California cool comes to full fruition with Lauv’s latest album All 4 Nothing. After a more than successful early 20s largely thanks to the viral success of 2018’s “I Like Me Better,” the multifaceted singer, songwriter, producer, and instrumentalist has already established himself as one of the most iconic digital sensations of the decade. For the last two years since the sophomore album ~how i’m feeling~, longtime listeners and newbies alike longed for a fresh era from Lauv; and as expected, he delivered everything our beachy keen dreams are made of.
“It’s me on a journey trying to find my own inner light again after feeling out of touch with my true self,” Lauv shares in a press junket detailing the production of All 4 Nothing. While the 13-track collective maintains the techno-pop sound that topped him on the charts, the album puts experimentation at the forefront of the project. For the first time, we see an all-new style of lyricism and artistry as Lauv puts a spin on the meaning of “coming of age.”
Boasting a thematic focus on growth and healing, the album appropriately begins with “26” – a candid prelude to the nostalgic, idealistic aura that sweeps through all 13 songs. For the singer, creating the album was an overarching ode to “getting in touch with [his] inner child.” It goes without saying that growing up is hard, but All 4 Nothing proposes a glimpse into hopeful futures (in spite of inevitable heartbreak and woes that may occur along the way). There’s an unwavering undertone of happiness to each track that makes the project undeniably addictive–and not just sonically, but poetically.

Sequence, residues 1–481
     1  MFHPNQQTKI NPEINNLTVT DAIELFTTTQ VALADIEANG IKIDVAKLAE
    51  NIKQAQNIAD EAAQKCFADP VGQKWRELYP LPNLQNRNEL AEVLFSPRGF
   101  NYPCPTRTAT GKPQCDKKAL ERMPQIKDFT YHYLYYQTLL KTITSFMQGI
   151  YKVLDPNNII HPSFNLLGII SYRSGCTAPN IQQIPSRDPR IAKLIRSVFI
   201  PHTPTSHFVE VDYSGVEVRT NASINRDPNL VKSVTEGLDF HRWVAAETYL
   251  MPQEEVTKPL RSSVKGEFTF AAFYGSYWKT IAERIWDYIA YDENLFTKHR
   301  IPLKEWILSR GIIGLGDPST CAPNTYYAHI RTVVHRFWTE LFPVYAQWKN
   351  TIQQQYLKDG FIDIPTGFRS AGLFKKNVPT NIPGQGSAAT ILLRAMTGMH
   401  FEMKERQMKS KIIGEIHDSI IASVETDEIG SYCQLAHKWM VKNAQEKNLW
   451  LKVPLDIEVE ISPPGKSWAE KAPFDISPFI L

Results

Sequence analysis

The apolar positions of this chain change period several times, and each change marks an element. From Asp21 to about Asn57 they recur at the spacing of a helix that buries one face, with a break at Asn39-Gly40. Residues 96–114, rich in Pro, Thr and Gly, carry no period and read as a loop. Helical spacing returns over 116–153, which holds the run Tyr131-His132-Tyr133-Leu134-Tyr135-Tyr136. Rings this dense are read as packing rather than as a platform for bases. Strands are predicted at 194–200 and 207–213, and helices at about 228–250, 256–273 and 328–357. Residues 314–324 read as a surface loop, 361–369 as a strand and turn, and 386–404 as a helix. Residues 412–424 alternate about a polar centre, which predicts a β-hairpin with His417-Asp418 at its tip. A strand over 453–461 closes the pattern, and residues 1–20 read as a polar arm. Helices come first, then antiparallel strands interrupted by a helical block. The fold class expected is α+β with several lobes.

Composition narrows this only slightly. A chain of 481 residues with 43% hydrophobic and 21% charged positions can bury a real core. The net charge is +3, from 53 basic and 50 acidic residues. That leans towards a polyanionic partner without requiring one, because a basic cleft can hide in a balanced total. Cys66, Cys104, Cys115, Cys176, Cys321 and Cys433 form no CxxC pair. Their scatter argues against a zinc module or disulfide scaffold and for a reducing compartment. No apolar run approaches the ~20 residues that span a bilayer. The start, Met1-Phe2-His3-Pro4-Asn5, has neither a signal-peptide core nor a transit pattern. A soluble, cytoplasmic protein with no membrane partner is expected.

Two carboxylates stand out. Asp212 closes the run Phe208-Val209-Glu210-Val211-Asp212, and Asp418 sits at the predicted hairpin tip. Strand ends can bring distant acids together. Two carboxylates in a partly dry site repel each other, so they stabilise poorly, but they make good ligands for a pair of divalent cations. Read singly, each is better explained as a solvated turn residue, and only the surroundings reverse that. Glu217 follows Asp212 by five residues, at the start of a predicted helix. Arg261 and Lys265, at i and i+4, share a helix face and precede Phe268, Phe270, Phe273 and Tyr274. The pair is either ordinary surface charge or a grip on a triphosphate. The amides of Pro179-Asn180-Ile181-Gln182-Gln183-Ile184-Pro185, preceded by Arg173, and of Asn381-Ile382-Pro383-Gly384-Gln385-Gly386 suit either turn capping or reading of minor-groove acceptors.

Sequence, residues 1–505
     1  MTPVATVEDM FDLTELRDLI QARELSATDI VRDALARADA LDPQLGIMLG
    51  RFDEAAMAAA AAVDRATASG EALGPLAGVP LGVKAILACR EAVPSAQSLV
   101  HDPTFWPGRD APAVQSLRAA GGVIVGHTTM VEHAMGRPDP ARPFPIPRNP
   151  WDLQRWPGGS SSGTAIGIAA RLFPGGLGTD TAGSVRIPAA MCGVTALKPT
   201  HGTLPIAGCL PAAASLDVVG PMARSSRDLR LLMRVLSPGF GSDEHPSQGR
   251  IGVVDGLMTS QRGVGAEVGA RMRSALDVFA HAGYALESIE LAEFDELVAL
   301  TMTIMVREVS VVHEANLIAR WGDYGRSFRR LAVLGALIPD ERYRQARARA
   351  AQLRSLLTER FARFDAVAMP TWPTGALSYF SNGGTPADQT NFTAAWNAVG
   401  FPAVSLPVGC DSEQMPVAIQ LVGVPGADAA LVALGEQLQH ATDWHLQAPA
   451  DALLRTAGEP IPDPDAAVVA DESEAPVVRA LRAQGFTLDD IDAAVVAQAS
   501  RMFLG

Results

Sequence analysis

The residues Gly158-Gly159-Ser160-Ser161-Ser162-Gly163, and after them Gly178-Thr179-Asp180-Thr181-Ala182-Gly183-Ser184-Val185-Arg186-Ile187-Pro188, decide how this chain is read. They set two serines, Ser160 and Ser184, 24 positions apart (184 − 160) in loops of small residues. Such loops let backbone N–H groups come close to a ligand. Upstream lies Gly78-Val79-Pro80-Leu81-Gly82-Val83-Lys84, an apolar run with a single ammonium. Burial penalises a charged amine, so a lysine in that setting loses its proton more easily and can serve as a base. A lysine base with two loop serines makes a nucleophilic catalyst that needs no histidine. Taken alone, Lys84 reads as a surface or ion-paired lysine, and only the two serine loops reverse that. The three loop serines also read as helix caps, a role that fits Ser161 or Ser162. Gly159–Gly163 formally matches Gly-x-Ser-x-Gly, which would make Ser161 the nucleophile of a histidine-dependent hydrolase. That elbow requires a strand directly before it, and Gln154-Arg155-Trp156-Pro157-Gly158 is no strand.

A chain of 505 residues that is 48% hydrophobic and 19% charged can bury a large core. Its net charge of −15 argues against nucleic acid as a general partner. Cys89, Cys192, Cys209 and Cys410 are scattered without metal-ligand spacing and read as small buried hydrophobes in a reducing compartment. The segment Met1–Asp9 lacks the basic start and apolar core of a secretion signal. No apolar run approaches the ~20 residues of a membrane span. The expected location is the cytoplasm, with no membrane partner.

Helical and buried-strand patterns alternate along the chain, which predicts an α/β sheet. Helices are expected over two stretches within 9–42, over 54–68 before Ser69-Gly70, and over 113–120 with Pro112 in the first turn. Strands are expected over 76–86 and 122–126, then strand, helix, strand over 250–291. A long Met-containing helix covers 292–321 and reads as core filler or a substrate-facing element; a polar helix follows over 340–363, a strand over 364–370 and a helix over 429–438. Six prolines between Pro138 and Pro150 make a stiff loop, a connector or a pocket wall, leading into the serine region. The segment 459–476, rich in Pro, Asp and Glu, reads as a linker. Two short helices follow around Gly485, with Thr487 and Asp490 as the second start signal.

At the halfway point of the album, an edgy shift offering a passionate grit takes over. Standout “Stay Together” infuses a surprising hip-hop style where singsong words have a rap-like quality against a pulsating beat. Needless to say, the kitschy lyrics are the star–could there be anything more cathartic than a dancing festival crowd screaming, “Thank god we never stayed together” in boisterous unison? No way.
“Hey Ari” serves as a breath of fresh air; its simplicity of Lauv signing alongside an acoustic guitar juxtaposes the high energy of the rest of the numbers. This notion of listeners ‘kept on their toes’ is sustained through the very end. Just when we think the album is set to conclude a joyous ride, “I (Don’t) Have a Problem” at track twelve adds a taste of rough longing providing a unique, unexpected edge. The song is haunting and aching, especially after laughing and dancing for 11 tunes previous.
The prolonged heartache continues as we fade into the final track, “First Grade” where emotional waves take us in a new direction. Reflecting Taylor Swift’s vibrant Reputation album concluding with the softness of “New Year’s Day,” All 4 Nothing similarly ends on a piano-driven ballad–a simple, powerful love song that rounds out the album in a wholesome manner. Electing to wrap up a coming-of-age project with a track titled “First Grade” is the resounding touch that makes Lauv a musical gem.